It’s a question we are asked often – how do I find the right illustrator for my picture book manuscript?
Well, it all depends on what avenue you’re heading down. Traditional publishing route? Don’t worry. Publishers will find the person whose artwork they believe will best compliment your words. You’ll have little to no control over the look and feel of your book, but that’s okay – trust that your publisher knows precisely what’s needed for a successful publication. For the most part you’ll be kept well away from the illustrative process and your editor will be the intermediary. This is difficult and even a little emotionally challenging for some writers. Your book is your baby, right? Letting go will make your book the best it can be – go with the process rather than fighting it. One less thing for you to worry about is what we often tell authors. Royalties this way will be split.
What if you are illustrating for yourself? A publisher will still want to read the work as text before they look at your images. They may decide the story is strong and that your pictures are the right style, the correct fit. But brace yourself because they may not, no matter how wonderful your artwork is! Remember that trusting in the knowledge and expertise of your editor will result in stronger sales. And sales, well, sales are what every author is aiming for in the end.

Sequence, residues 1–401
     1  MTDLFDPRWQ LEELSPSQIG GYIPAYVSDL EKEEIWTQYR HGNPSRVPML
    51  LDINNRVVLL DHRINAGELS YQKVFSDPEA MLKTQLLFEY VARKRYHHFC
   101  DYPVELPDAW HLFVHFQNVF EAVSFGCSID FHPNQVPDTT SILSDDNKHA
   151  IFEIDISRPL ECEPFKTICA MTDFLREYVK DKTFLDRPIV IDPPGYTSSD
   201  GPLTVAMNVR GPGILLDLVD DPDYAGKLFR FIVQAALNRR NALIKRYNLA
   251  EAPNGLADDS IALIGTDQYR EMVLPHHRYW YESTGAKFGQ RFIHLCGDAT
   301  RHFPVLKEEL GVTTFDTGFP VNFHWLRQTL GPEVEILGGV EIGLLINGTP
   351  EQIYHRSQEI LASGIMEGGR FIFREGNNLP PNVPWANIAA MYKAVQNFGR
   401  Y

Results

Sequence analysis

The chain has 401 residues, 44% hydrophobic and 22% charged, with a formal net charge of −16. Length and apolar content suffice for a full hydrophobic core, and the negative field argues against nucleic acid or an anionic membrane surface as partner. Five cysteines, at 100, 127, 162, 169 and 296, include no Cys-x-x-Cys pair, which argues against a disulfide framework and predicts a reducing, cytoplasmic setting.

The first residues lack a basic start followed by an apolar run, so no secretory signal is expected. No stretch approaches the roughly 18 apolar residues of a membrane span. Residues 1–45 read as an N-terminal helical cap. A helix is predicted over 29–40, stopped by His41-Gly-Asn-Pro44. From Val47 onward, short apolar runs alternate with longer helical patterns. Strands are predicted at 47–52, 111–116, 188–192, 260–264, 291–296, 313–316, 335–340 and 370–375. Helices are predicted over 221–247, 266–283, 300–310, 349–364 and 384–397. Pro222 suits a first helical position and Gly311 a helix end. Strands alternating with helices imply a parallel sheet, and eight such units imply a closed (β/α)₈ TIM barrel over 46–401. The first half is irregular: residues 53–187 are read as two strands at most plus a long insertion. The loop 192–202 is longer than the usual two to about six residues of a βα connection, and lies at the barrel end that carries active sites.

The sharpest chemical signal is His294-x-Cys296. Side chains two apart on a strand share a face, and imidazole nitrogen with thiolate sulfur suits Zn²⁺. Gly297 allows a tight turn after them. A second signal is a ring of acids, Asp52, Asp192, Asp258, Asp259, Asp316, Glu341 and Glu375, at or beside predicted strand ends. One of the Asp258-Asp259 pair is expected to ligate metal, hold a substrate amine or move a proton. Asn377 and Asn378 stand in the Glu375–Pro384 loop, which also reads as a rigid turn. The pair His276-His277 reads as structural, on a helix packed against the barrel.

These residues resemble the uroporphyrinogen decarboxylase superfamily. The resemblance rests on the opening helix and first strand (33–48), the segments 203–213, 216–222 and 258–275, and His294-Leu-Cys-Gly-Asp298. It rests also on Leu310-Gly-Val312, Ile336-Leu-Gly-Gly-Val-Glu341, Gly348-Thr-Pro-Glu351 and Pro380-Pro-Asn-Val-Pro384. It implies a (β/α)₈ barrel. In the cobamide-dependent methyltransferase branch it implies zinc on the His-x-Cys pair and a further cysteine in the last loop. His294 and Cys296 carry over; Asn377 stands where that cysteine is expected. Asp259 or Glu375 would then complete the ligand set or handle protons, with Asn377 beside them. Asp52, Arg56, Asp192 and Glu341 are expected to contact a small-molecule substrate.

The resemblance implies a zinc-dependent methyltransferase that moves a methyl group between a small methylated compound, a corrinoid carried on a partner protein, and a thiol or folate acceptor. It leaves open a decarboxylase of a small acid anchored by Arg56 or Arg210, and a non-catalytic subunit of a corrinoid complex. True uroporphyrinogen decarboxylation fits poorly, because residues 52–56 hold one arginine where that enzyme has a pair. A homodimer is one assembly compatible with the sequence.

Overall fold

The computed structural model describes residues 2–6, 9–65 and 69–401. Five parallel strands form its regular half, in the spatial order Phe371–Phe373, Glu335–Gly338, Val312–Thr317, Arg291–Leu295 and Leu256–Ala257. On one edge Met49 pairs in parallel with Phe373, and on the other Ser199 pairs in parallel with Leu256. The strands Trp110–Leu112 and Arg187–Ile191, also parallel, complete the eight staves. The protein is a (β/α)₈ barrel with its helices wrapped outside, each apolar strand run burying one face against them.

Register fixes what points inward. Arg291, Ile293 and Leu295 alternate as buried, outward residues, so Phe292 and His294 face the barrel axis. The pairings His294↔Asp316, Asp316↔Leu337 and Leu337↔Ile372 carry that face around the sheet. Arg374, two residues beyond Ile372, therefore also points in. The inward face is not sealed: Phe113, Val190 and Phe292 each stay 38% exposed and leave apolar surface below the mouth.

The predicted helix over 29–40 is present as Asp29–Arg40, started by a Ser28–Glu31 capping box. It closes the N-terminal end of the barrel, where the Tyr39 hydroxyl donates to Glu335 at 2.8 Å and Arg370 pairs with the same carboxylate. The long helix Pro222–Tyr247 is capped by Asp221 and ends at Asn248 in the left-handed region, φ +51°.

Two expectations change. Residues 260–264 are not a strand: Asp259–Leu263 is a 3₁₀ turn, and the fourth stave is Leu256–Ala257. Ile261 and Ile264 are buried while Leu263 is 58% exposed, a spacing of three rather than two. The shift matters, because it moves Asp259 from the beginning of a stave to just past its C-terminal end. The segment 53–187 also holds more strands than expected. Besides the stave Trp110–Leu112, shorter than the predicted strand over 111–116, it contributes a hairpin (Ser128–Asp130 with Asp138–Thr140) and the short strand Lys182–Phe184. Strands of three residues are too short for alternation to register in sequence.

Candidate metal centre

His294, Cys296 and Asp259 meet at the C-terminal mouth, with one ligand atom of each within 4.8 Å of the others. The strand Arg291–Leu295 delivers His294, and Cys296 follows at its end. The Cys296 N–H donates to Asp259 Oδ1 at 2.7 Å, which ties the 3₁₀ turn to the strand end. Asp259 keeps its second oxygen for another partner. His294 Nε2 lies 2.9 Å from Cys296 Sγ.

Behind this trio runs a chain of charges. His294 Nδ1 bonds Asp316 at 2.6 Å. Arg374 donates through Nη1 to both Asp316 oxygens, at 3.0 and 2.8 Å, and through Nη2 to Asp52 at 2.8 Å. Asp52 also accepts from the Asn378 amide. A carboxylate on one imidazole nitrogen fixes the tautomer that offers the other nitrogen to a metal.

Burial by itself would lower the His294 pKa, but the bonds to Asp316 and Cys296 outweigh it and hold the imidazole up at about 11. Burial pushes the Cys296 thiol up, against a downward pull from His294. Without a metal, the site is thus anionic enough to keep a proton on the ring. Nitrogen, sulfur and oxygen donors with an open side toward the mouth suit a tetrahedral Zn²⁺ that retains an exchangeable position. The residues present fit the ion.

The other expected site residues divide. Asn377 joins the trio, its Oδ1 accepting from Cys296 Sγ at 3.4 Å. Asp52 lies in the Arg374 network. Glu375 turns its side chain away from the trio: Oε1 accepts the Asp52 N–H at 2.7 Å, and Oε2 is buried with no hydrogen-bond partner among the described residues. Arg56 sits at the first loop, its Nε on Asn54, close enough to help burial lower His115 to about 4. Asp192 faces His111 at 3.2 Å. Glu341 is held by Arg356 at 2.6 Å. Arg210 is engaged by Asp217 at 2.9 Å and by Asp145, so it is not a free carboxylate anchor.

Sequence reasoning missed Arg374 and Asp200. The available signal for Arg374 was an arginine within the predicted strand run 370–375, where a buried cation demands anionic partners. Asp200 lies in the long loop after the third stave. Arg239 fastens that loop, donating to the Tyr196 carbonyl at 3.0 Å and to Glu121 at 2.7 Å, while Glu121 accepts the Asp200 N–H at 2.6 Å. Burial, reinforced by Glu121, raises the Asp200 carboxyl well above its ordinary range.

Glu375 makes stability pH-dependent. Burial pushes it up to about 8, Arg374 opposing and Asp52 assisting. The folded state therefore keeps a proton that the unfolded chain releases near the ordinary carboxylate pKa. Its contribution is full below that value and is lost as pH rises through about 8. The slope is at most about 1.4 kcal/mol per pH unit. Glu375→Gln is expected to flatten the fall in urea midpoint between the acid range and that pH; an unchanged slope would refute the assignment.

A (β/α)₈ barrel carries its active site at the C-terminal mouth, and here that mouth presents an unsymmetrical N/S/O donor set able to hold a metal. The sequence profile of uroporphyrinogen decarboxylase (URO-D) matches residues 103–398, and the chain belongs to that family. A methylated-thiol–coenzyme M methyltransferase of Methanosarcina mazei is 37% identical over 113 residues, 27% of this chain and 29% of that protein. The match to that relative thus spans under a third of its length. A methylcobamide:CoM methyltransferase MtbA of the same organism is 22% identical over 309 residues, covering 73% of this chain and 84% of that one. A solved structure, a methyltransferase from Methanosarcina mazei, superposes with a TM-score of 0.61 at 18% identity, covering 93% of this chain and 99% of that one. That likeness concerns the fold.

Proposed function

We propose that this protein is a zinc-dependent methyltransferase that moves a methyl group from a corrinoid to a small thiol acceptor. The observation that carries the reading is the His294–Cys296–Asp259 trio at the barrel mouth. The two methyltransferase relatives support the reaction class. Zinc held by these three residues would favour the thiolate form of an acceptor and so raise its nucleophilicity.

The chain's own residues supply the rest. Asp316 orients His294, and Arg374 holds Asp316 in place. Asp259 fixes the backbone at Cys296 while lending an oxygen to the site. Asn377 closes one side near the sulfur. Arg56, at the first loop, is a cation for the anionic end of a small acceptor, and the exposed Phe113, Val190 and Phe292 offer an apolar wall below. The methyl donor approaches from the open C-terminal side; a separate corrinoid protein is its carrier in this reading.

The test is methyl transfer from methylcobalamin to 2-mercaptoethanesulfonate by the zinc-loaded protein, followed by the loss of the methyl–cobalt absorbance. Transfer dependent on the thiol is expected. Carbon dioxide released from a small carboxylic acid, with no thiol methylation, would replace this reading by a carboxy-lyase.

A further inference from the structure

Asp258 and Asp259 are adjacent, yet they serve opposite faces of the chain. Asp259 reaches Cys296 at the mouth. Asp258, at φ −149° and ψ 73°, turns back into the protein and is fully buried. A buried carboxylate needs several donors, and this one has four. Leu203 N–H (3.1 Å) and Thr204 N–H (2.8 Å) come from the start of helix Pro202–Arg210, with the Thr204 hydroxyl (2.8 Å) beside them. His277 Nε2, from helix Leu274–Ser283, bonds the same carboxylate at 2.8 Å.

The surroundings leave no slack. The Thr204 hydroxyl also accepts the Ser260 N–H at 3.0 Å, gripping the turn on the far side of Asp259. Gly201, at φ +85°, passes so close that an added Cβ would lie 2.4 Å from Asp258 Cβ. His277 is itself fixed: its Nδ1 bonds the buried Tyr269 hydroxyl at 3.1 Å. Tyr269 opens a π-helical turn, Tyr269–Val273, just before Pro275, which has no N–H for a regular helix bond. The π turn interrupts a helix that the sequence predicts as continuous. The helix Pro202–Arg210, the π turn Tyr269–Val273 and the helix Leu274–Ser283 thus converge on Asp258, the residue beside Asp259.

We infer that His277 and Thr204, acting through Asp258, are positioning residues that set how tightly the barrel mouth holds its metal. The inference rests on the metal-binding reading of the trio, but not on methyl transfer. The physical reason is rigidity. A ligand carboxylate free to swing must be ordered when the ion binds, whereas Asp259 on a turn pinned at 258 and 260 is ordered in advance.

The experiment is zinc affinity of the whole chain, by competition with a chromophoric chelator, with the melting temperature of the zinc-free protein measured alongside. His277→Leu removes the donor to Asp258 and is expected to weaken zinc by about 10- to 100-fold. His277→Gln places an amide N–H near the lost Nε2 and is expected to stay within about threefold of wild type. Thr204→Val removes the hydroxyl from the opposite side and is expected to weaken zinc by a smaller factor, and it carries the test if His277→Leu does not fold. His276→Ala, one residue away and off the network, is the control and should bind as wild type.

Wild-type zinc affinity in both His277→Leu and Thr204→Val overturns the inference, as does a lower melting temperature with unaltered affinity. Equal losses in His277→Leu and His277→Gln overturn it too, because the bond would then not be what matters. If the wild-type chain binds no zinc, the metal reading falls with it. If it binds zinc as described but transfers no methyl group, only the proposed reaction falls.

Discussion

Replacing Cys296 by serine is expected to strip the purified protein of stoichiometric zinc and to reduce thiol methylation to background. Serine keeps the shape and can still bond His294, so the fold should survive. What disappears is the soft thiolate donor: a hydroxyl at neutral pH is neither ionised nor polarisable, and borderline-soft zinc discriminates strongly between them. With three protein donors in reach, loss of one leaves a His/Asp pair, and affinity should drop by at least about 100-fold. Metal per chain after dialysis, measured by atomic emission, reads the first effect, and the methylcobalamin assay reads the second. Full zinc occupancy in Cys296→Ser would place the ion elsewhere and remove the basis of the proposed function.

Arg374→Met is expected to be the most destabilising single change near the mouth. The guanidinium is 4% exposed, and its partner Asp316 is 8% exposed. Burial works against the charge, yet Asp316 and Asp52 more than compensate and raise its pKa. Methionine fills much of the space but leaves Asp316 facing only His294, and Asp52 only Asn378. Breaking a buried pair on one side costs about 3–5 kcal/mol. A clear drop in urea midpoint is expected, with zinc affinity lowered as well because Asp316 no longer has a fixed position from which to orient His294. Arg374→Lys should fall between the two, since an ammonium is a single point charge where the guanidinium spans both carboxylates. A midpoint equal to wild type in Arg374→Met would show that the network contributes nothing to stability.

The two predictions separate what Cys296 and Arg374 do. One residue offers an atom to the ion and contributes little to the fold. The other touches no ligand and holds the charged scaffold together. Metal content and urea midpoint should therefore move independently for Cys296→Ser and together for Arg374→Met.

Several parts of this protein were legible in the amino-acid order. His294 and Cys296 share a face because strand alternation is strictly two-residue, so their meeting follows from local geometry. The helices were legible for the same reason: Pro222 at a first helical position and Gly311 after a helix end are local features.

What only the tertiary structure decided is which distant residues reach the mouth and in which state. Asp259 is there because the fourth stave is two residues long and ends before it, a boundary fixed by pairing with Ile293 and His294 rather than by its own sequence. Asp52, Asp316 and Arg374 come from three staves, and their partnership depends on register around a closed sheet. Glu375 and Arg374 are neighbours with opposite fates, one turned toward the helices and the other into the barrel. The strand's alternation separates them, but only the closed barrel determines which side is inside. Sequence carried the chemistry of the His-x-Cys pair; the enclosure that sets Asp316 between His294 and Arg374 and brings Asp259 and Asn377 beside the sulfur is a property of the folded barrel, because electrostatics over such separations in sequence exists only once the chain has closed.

Self-publishing is a completely different experience, and one you’ll have far more control over. You get to choose who you work with, whose imagery speaks a similar language to your text. It’s fun, it’s rewarding and it’s also quite a bit of work.
Start by looking at the successful books most aligned to yours that are already in the market. Look at the images. What do you like and dislike? Make notes. Google the illustrator/s you find yourself most drawn to and see how versatile they are. Then reach out to ask questions like how much will it cost, how quickly they can fit you in, how they work and if they can give you examples of their work. Be professional at all times when engaging an illustrator and be honest about how much you’re prepared to pay for the job.
Just as a traditional publishing house does, try to allow the illustrator to develop the illustrations in a slightly hands-off way. Their input will give other layers to your book, things you hadn’t imagined possible. You’ll need to negotiate a price you’re both happy with. They may ask for money in advance, which is common. It’s important to remember that traditionally, royalties are split, which reflects the value of the role of the illustrator. Negotiate upfront, but err towards generosity – they’re not called picture books for nothing!